Posted May 14, 2015
By Charles Bierbauer, dean of the College of Information and Communications
We are now the College of Information and Communications. The change of the college name was approved by the Board of Trustees on April 24.
So what are we? What we call ourselves? What others call us? What it says on or above the door?
My wife, also a journalist, says I answer questions with questions. So, what do you think we are?
We are about information, how we acquire, assess, digest, synthesize, compose, compress and expand, expound, express to you and you and you, singularly and collectively, through words, pictures, depictions, digressions — a few and preferably explicatory — in sound and pictures and graphic representations, in other words, communications, to make you feel, not necessarily sad or glad, but well informed.
So what do we call ourselves?
In 2002, as a result of a university-wide assessment called the Strategic Directives Initiative, the university combined two free-standing entities — Journalism and Mass Communications and Library and Information Science — into a new college. I was to become its first dean. (The position is often called founding dean, though, in truth, I had little to do with its founding.)
It was to be called the College of Mass Communications and Information Studies. Why? Ask the committee that labored over that.
Our first test was to see if we could answer the phone saying the college’s full name without taking a breath. Try it. The greater struggle was to find a bond between quite different programs, cultures and structures. In many ways, we are still trying. We’ve hired faculty who see the information/communication nexus. We’ve created parallel degree programs with each school now offering undergraduate through doctoral degrees. We are restructuring staff responsibilities across the college and its schools.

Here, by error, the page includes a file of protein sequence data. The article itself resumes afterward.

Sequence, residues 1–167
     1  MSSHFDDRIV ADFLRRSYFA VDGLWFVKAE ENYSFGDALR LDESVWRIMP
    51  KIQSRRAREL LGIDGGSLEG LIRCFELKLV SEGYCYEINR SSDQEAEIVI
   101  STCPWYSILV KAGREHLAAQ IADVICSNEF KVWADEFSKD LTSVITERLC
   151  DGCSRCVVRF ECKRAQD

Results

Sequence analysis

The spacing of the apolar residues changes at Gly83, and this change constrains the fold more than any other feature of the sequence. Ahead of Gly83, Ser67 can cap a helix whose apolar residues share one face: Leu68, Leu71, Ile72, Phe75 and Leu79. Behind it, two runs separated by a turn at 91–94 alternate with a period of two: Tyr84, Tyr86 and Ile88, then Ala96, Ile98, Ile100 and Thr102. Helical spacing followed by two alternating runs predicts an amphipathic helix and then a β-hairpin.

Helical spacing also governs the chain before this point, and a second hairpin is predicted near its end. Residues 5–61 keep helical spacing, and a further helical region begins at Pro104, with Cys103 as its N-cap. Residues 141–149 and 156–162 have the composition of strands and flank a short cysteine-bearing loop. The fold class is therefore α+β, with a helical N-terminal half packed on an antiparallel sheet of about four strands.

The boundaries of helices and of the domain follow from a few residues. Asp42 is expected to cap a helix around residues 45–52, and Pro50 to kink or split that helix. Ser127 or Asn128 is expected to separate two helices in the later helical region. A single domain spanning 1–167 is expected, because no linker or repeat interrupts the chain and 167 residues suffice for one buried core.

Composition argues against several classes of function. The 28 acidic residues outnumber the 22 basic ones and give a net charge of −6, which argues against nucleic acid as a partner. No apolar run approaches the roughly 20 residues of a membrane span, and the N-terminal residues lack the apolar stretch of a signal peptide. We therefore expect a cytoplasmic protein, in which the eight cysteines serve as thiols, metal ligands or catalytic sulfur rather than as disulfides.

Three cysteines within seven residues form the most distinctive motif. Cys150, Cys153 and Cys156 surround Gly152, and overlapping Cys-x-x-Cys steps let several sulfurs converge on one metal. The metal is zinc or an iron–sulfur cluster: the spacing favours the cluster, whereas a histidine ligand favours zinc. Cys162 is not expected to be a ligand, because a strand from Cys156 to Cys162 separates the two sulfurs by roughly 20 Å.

We are moving closer together, physically when the new journalism building opens in August and collaboratively as we move forward. The timing for a name change seemed fortuitous. New stationery.
This should not distract from the identities and personalities of both schools. Nor will their names change. We like what those names say about our disciplines.
But the college name should say something more. It should reflect the larger role and mission of the college and, for that matter, the university. So we did a little editing of the former Mass Communications and Information Studies.
Everything we do involves studies. And we’re not merely mass communications. Our engagement runs the gamut from one- to-one, through social networks, to nearly global networks. All on the information-communication continuum. As a result, we’ve lost two words and, I trust, gained clarity.
As for primacy, which comes first? Neither works very well without the other. But as someone who’s spent time reading from teleprompters, College of Information and Communications just rolls off the tongue more smoothly.
What do you think?